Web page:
WEDNESDAY ART IDOL: Careers of artists with unparalleled vision
Chicago-born US artist Theaster Gates eludes straightforward classification. His work is instead defined through its extraordinary combination of interdisciplinary practices. Gates is a potter and an archivist, a musician and a filmmaker, a sculptor and a community activist, an urban planner and a painter. As a result, Gates’ sprawling talents and synthesis of art forms are best grouped under Gesamtkunstwerk, a term closely associated with Wagner meaning a ‘total artwork’. In the case of Gates it is particularly apt given the potency of his art is always multifaceted, operating in numerous, interconnected forms.
A life-long resident of Chicago’s West Side, the city lies at the soul of Gates’ artistic evolution. It is the place he imbibed the sounds of gospel music from an early age, the place he learned to work tar (Gates’ father was a roofer), and perhaps most crucially, the place that informed his appreciation for the power of community. It is also home to the Rebuild Foundation, a non-profit organisation founded by Gates in 2009 with the aim of transforming empty buildings across the city’s South Side into humming community centres and cultural facilities.
Nowhere is the success of this project better embodied than the Stony Island Arts Bank, a grand former community bank in Chicago’s South Side that shut down in the 80s. Gates purchased the building in 2015 for a single dollar and transformed its interior into a rehabilitation centre for the neighbourhood’s cultural scene. Acting as a hybrid library, gallery, performance space and media archive (featuring, among other wonders, the entire record collection of house music pioneer and Chicago legend, Frankie Knuckles), it is a blueprint for the reclamation of urban spaces across the world.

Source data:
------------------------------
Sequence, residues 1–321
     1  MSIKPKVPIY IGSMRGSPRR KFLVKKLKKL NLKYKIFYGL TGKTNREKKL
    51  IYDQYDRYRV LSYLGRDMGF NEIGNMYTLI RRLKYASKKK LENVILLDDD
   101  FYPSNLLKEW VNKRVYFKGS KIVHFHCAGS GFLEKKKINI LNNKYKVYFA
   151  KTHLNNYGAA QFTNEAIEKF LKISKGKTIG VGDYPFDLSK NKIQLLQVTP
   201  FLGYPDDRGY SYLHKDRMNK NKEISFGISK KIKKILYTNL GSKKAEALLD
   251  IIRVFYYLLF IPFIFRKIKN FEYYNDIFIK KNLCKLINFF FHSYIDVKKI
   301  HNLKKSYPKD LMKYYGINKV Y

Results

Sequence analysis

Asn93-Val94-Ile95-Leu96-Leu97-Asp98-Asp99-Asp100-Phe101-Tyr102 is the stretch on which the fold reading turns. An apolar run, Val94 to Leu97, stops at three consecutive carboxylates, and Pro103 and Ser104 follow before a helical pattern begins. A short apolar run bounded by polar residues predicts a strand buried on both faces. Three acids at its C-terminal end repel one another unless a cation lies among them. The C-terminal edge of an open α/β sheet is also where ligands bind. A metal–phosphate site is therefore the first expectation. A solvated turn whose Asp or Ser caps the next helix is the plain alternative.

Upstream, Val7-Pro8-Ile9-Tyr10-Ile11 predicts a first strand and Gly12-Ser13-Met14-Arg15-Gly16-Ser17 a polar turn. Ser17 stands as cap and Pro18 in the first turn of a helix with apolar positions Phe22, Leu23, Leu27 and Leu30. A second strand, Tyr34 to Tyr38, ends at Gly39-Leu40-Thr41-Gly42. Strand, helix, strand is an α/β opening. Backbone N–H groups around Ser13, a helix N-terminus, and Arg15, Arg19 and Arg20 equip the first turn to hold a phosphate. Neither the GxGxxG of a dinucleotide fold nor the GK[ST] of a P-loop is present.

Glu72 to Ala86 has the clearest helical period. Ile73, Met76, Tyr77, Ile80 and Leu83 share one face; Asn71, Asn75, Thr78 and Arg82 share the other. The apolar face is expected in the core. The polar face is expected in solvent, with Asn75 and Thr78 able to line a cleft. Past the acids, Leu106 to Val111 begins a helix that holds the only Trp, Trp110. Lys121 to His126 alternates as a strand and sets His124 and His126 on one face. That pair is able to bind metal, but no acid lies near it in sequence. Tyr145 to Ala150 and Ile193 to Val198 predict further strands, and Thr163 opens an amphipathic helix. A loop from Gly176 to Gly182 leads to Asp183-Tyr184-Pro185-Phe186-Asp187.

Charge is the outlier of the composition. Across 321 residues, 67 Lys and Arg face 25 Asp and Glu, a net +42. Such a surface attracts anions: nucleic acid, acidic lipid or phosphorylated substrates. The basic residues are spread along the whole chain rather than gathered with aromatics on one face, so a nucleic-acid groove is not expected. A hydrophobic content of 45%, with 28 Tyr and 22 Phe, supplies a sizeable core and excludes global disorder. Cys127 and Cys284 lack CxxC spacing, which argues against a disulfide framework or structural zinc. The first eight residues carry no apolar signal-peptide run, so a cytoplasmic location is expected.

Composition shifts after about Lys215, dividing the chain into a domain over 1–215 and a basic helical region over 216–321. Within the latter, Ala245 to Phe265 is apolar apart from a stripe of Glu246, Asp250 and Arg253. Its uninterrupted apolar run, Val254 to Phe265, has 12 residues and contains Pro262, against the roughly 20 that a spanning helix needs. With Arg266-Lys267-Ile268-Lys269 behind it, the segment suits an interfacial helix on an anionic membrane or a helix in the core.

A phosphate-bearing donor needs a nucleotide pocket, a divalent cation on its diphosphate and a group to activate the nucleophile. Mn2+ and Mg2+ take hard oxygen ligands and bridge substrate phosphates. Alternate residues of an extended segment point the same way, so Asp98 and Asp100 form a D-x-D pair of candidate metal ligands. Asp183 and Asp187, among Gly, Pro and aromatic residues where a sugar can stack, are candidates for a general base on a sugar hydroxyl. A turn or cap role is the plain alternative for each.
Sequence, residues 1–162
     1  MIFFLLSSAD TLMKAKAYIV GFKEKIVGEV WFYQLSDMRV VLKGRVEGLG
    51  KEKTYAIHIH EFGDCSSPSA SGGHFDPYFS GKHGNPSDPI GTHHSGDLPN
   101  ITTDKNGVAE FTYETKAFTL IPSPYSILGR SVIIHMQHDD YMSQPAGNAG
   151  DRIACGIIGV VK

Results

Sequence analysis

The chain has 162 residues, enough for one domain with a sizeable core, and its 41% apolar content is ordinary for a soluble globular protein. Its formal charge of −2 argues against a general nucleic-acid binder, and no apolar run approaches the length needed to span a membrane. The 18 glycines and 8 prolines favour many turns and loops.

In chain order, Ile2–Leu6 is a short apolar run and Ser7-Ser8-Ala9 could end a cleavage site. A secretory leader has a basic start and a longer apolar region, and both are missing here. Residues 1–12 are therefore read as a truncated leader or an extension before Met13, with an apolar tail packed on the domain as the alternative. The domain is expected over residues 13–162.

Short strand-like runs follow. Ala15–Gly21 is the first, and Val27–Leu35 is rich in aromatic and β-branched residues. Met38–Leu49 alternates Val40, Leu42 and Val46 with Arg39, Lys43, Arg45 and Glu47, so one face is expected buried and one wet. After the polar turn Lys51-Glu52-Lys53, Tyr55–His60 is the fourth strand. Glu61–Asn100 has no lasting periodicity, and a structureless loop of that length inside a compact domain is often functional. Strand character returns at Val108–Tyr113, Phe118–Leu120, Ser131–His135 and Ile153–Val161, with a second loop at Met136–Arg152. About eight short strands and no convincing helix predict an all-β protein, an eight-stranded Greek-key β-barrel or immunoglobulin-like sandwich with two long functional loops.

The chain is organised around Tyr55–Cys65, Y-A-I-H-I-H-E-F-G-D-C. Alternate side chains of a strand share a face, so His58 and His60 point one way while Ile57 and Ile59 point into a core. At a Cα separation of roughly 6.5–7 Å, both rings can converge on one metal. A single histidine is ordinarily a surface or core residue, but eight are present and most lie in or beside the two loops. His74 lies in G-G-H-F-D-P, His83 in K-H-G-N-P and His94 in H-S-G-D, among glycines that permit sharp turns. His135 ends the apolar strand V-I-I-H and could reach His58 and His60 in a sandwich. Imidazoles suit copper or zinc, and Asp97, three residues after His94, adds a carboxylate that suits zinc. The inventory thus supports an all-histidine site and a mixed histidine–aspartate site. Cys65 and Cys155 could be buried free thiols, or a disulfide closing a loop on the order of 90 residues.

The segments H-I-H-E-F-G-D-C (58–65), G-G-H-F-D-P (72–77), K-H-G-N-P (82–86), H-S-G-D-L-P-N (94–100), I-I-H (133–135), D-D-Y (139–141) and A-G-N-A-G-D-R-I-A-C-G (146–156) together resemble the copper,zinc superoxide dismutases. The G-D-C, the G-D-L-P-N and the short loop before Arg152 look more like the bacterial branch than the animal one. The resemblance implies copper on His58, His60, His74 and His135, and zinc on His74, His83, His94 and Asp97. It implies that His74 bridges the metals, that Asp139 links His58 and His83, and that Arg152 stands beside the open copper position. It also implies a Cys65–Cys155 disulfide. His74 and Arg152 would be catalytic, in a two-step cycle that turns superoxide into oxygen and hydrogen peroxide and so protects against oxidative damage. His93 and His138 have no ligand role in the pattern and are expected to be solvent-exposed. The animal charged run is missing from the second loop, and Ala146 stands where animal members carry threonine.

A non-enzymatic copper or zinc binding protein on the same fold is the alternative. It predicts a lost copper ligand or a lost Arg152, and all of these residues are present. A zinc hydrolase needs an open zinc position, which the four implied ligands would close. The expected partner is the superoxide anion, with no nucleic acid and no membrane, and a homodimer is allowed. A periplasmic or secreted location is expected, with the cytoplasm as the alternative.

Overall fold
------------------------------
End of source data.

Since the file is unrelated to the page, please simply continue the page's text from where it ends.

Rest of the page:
For his first ever public installation in the UK, Gates conjured magic from ruin. Bristol’s Temple Church was heavily bombed during the Second World War and a stone shell, originally built by the Knights Templar, is all that remains. Reclaiming a previously inaccessible space (parts of the structure do appear on the brink of collapse), Gates worked with a local architecture firm to assemble a temporary wooden structure within the confines of the ruined church. Using discarded front doors and old bed posts, the makeshift chapel was born from found material, and with its asymmetric charm and crooked, fairy tale appearance could easily have been an artwork in itself.
Wherever Gates goes however, community follows him, gravitates towards his irresistible energy and enthusiasm. For Sanctum, Gates enlisted over 800 local performers to play for 24 days, 24 hours a day, each occupying a one or two hour slot. The result was an unbroken flow of sound that you could listen to in total solitude during the small hours of the night, or as part of a crowd during a busy weekend afternoon. For anyone lucky enough to have witnessed Sanctum, the work provided an epiphanal moment, in which existing rules of what contemporary art could be were briefly cast aside amid the thrill of harmonic communion.